It feels like just yesterday that I was sat in my living room watching my brother play Sonic 3 and Knuckles on the Mega Drive as a wide-eyed child. The tropical colors of Angel Island and mood-lifting music were simply mesmerizing. What made Sega's console truly amazing to me, though, was that this machine had been created in a place that was literally on the other side of the world; it was mysterious. That sense of wonder obviously diminished as I got older — not just because the enigma of foreign technology had been lifted but also because in the 18 years since that day, the rest of the world has had time to catch up.
Slow changes over time are always less noticeable and more acceptable than sudden ones. Perhaps it's for this reason that gamers and the industry as a whole have only recently started to publicize the disheartening news that Japan, arguably the spiritual home of interactive entertainment, is losing ground to their Western counterparts. It's a worrying thought, to be sure, but the question on my mind (as I’m sure it is on many others') is, "Why?"
The emergence of Western studios, like Ubisoft and Electronic Arts, and Microsoft's entry into the console market in 2002 with the Xbox have contributed massively to popularizing gaming culture outside of Japan. But this is just one system of a trio that has defined this generation of console wars — both Nintendo and Sony are two of the biggest entertainment giants in gaming, not to mention the world, so attributing the Western manufacture of hardware to the receding Japanese market would be a shortsighted stance to take.
Japanese companies like Capcom and Square Enix have increasingly begun to cater to Western audiences to stay competitive, going so far as to lease out licenses like the upcoming DMC: Devil May Cry. The leasing out of established works may be a sign of Japan's lack of confidence when it comes to grabbing the attention of Western audiences. One could also argue that outsourcing development duties detracts from everything that makes a foreign production unique in the first place.
Of course, i'm in no way trying to devalue the efforts of studios that do take on treasured franchises from the Land of the Rising Sun, and I have no doubt that developer Ninja Theory will make Dante's upcoming adventure an eventful one. However, it seems that Japanese studios are also attempting to westernize titles that are developed in-house in an attempt to appeal to a mass audience.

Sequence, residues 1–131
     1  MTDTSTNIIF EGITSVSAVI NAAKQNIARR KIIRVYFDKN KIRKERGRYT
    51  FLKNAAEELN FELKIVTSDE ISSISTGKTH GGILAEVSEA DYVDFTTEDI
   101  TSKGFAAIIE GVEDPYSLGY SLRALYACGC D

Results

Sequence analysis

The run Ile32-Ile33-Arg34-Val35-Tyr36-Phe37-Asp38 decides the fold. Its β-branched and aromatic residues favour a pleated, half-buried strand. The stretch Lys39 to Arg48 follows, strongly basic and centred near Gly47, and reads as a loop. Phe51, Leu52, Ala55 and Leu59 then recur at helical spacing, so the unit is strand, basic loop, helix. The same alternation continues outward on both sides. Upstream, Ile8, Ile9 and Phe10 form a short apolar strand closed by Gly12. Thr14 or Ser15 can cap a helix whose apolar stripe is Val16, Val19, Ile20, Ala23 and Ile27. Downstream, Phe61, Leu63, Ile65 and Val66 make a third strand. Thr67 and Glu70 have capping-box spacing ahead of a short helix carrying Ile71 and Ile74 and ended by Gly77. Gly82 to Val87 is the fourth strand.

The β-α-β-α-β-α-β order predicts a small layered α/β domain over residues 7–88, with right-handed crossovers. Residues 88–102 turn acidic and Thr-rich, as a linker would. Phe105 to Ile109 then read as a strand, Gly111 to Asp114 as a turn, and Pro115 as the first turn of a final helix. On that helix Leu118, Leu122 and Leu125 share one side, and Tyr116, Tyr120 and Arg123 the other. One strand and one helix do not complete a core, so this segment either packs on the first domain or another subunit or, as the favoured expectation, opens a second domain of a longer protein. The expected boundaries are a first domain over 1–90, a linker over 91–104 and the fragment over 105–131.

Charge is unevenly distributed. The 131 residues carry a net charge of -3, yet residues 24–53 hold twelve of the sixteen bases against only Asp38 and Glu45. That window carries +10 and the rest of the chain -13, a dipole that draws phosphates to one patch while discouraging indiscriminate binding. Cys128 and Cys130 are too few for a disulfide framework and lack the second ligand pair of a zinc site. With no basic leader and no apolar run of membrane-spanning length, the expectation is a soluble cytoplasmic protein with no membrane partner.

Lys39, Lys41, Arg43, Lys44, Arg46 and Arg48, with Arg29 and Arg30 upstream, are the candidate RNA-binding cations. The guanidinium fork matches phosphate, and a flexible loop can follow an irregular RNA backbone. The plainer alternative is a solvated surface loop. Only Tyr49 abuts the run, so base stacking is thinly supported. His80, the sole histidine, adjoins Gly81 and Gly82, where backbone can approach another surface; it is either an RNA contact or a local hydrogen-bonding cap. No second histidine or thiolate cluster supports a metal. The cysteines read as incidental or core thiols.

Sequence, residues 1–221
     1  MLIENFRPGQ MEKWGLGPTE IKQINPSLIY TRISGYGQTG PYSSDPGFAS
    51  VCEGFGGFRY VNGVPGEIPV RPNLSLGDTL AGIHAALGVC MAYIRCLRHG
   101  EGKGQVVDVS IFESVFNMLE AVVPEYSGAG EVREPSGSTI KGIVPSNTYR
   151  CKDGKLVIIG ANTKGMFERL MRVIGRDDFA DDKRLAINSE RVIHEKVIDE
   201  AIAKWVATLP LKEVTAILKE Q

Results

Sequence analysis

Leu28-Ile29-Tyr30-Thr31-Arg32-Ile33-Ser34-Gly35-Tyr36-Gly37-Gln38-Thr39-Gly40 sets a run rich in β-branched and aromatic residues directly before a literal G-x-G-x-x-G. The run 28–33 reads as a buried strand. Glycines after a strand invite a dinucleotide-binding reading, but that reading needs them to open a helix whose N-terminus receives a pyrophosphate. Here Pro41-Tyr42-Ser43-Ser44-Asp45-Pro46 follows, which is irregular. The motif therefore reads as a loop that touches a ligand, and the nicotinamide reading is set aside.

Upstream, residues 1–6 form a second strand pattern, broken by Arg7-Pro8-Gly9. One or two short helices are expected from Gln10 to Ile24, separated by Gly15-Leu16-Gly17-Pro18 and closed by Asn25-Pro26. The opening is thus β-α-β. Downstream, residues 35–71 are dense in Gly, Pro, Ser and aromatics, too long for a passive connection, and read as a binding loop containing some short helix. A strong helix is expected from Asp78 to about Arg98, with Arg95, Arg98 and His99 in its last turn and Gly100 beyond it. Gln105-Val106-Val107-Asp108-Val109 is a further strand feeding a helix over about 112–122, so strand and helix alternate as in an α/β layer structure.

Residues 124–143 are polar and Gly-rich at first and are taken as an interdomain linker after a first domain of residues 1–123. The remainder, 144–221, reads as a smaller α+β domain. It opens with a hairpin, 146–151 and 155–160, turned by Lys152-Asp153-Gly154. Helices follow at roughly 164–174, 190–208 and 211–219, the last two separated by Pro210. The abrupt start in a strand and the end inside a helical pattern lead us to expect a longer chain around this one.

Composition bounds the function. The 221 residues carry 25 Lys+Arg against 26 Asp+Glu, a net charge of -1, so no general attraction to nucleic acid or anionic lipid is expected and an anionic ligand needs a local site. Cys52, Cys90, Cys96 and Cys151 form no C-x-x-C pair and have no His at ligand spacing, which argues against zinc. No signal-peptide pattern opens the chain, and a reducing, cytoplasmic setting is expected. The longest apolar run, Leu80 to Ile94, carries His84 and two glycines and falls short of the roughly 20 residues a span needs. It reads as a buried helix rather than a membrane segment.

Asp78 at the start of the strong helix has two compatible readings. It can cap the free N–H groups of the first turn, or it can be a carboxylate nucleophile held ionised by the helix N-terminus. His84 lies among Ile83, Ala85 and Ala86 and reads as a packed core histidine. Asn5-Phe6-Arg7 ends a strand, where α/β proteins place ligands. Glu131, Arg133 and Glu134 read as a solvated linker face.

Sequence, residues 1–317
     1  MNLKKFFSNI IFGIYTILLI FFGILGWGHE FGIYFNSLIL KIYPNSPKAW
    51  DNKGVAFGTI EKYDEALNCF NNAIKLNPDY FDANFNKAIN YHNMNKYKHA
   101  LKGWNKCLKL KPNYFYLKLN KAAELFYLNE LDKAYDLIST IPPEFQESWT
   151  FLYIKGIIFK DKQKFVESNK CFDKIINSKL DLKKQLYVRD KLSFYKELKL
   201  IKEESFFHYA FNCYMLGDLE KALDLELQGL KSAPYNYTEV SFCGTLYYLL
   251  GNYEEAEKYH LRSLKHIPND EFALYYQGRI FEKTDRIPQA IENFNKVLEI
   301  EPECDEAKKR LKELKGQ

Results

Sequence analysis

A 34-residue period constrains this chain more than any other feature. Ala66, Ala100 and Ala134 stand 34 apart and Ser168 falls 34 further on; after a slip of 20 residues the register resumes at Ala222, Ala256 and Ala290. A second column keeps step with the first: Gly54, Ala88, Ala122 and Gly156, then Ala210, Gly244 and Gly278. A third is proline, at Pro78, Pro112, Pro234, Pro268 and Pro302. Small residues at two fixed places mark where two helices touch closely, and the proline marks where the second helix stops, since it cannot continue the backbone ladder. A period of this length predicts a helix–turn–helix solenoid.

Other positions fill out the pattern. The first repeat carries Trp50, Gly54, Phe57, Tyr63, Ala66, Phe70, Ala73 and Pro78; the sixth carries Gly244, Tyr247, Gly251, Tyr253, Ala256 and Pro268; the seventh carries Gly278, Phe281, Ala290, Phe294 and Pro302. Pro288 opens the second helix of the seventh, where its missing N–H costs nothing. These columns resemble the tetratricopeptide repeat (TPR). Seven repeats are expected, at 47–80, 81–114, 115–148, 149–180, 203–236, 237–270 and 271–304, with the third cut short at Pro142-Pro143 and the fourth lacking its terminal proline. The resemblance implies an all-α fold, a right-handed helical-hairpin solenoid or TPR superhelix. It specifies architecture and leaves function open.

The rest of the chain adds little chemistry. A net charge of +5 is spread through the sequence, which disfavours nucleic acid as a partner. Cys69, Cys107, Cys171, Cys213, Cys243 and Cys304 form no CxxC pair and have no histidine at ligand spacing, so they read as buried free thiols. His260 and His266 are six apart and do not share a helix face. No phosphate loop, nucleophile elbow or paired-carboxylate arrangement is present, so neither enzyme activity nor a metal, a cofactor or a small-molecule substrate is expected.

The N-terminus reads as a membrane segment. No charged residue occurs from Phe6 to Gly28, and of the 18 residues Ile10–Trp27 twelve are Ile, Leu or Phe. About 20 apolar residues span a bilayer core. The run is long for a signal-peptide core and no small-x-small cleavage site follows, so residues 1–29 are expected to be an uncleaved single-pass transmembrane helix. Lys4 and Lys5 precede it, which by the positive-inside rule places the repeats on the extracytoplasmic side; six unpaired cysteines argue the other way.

Dragon's Dogma is the most recent example that comes to mind. Capcom's take on the open-world role-playing game certainly wasn't a bad game by any means; in fact, I enjoyed it immensely despite its flaws. Its environments and art style may have been generic fantasy fare, but the combat — as expected of a Capcom game — is fluid and frenetic even by action game standards.
But there's a reason that Dogma has been compared to developer Bethesda's Skyrim since it's release: Both titles are RPGs inspired by Western medieval mythology, and Dogma is inevitably going to be seen as an Eastern interpretation of the goliath that is the Elder Scrolls series.
Dogma may have been reasonably well-received by players and critics alike, but deeply identifiable Japanese games are still arguably the most successful and critically acclaimed to have come from overseas. It feels strangely ironic that their industry is trying to move away from its roots.
Both Bayonetta and Dark Souls feature some of the most fantastically designed environments I have ever experienced. They may both be inspired by European architecture, but the gothic nature of the castles and cathedrals in Souls' Undead Burg, for example, just drag you into its atmosphere of dread.
If there is one thing that Japanese developers can be lauded for, though, it's difficulty. Forgive my conjuring out of thin air phrases to describe my meaning, but true difficulty is a different entity to artificial difficulty. The Ninja Gaiden and Souls' series are renowned for their difficulty not because they are too hard but because they feature the type of hardships that can be overcome with skill and planning and by learning how the mechanics themselves combine into such a fluid system.
It would be a shame to see Japan lose its digital identity by catering to Western audiences, but it is a fact that gaming is no longer something the West has adopted into its own culture. I just hope that Japan can find a suitable alternative to falling sales that allows its developers to continue creating unique, standout titles that don’t drown in the sea of shooter and sandbox experiences that now dominate the shelves.
GamesBeat 2014 — VentureBeat’s sixth annual event on disruption in the video game market — is coming up on Sept 15-16 in San Francisco. Purchase one of the first 50 tickets and save $400!